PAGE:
• Pfc. Tyler Bush and his wife, Talisha, share a little conversation at "Jacob's Well" coffeehouse on Coleman Barracks in Mannheim, Germany.

    Jacob's Well

    Pfc. Tyler Bush and his wife, Talisha, share a little conversation at "Jacob's Well" coffeehouse on Coleman Barracks in Mannheim, Germany.

  • Chaplain (Capt.) Barron Wester prepares coffee for visitors at "Jacob's Well" coffeehouse on Coleman Barracks in Mannheim.

    Jacob's Well

    Chaplain (Capt.) Barron Wester prepares coffee for visitors at "Jacob's Well" coffeehouse on Coleman Barracks in Mannheim.

MANNHEIM, Germany -- Tucked away in the basement of the Coleman Barracks Chapel in Mannheim, you'll find a weekly gathering of pool players, musicians, singers and everyday folks gathered for fellowship on the last day of the work week.

This is "Jacob's Well," and this is where men and women from all walks of life - both military and civilian - come to break bread, talk, listen and learn. This is the place where conversations range from religious faith and Christianity to the rigors of the past week and plans for the weekend.

One of these visitors is 19-year-old Talisha Bush. Talisha and her husband, Pfc. Tyler Bush, come to Jacob's Well every Friday. The Farmington, N.M., native describes herself as a "science geek" and is planning to study forensic science. She's also a new convert to Christianity and is using the Jacob's Well coffeehouse as a place to learn more about her faith.

"It's helping me, because I am still learning the Bible," Talisha said. "If I have a question, I can ask or just get other people's point of view and then go home and read for myself. Not to mention you get to meet people. We watch movies, play video games, and just hang out and not get in trouble."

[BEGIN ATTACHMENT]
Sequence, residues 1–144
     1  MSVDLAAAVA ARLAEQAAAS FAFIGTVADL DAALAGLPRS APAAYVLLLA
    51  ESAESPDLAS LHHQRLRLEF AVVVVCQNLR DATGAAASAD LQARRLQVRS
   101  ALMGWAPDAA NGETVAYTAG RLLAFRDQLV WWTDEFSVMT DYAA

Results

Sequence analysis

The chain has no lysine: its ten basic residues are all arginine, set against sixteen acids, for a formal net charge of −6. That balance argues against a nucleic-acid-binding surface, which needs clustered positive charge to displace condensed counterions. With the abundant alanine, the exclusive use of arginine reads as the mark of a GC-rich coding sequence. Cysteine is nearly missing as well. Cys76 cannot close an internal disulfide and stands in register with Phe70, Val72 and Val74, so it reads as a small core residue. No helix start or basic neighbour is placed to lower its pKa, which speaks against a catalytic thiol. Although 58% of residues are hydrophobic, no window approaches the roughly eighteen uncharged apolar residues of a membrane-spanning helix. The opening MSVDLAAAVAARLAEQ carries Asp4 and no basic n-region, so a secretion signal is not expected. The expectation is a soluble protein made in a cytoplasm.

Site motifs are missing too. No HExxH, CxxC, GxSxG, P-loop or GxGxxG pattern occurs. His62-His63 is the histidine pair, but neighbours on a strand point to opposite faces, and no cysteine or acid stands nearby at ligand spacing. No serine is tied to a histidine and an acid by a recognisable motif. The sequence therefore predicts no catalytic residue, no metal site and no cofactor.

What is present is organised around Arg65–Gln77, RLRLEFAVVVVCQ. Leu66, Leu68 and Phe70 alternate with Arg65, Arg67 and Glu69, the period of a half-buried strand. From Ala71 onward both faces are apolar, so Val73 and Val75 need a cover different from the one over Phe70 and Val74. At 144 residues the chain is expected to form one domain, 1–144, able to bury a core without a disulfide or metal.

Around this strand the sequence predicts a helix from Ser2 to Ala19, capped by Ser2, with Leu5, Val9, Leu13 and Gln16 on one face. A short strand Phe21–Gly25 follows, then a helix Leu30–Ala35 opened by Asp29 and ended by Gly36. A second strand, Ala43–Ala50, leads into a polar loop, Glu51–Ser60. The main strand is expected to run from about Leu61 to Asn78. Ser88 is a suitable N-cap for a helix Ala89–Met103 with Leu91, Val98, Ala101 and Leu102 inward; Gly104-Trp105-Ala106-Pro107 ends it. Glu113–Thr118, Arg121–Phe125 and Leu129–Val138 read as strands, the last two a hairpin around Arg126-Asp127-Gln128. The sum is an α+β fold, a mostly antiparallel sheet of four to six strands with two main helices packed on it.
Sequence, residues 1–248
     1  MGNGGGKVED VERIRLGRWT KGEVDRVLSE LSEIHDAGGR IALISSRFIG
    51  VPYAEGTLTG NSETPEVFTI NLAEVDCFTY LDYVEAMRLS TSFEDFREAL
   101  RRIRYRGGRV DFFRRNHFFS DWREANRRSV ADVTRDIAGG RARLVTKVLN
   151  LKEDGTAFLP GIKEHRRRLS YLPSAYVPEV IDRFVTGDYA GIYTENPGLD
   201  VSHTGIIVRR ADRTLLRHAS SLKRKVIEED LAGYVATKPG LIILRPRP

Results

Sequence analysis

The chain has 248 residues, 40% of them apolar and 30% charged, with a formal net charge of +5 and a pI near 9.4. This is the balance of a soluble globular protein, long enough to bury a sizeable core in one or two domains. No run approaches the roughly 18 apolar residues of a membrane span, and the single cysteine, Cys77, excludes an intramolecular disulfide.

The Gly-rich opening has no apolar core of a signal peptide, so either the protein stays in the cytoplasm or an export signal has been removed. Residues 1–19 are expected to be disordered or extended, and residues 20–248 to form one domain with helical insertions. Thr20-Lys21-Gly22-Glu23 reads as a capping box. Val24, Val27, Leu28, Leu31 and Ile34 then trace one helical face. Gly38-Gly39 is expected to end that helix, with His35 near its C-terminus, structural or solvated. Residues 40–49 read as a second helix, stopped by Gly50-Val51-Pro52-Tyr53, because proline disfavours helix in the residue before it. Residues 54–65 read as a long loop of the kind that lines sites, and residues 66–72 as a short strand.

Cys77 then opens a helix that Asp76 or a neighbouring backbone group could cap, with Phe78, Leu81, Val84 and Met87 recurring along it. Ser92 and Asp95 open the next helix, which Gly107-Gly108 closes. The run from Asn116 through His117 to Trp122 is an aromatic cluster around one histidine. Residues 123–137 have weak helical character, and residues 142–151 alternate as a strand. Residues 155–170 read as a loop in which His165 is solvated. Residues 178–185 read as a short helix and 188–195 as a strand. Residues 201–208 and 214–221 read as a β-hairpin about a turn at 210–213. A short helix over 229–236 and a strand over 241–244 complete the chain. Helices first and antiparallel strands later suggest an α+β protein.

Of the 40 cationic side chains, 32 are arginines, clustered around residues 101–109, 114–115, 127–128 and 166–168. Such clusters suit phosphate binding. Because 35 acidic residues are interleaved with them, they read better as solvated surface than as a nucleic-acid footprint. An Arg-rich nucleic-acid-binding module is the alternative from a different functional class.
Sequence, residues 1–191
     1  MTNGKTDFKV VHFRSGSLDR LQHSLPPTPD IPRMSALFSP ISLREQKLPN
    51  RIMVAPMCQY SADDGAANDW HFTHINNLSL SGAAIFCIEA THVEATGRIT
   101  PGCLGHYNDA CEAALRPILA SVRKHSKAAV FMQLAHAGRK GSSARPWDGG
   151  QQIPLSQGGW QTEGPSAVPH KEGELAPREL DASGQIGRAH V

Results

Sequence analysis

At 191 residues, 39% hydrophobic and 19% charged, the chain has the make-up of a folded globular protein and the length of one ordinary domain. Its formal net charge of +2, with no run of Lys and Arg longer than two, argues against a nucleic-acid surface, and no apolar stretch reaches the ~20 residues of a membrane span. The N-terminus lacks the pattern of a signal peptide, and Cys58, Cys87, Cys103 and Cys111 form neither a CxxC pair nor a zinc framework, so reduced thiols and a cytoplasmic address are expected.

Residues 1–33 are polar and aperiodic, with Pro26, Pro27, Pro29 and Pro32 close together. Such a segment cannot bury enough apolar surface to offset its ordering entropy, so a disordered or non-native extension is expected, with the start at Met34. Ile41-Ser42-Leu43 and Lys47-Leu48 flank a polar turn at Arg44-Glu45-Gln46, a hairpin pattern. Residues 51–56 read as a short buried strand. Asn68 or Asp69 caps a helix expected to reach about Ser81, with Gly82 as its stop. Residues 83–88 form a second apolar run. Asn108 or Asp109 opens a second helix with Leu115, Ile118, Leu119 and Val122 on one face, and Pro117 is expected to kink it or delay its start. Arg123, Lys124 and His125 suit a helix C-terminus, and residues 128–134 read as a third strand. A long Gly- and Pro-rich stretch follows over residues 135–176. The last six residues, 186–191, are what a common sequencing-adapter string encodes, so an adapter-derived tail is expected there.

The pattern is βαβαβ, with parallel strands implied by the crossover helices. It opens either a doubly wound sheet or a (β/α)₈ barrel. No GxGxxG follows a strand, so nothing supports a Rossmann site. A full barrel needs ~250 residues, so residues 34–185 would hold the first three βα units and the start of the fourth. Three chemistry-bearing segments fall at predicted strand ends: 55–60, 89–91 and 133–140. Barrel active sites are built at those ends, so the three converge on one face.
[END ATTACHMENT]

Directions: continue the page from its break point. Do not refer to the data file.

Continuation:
Talisha's husband is one of the many musicians who come to Jacob's Well. He plays guitar and often leads musical worship for the coffeehouse. Tyler is a UH-60 Black Hawk helicopter mechanic with Company D, 1st Battalion, 214th Aviation Regiment. He and his wife have been married for a little over nine months, and they arrived in Germany late last year.

"I get so much out of this," he said. "I bring my guitar every week, and it just helps me to open up with the people here and my wife. It brings up things we can talk about at home for our home devotion, and it's a real friendly environment."

Talisha agrees that being here has helped benefit their marriage.

"Being a military spouse is hard, but then it's not at the same time," she said. "It's hard because he is in the military and I'm thinking about him all the time, but there are people here that understand and that I can talk to about it."

The Jacob's Well coffeehouse opened in October at the Coleman Barracks Chapel. The name of the coffeehouse is taken from the story in the Bible depicting the encounter between Jesus and the Samaritan woman he encountered at the well in the fourth chapter of the book of John.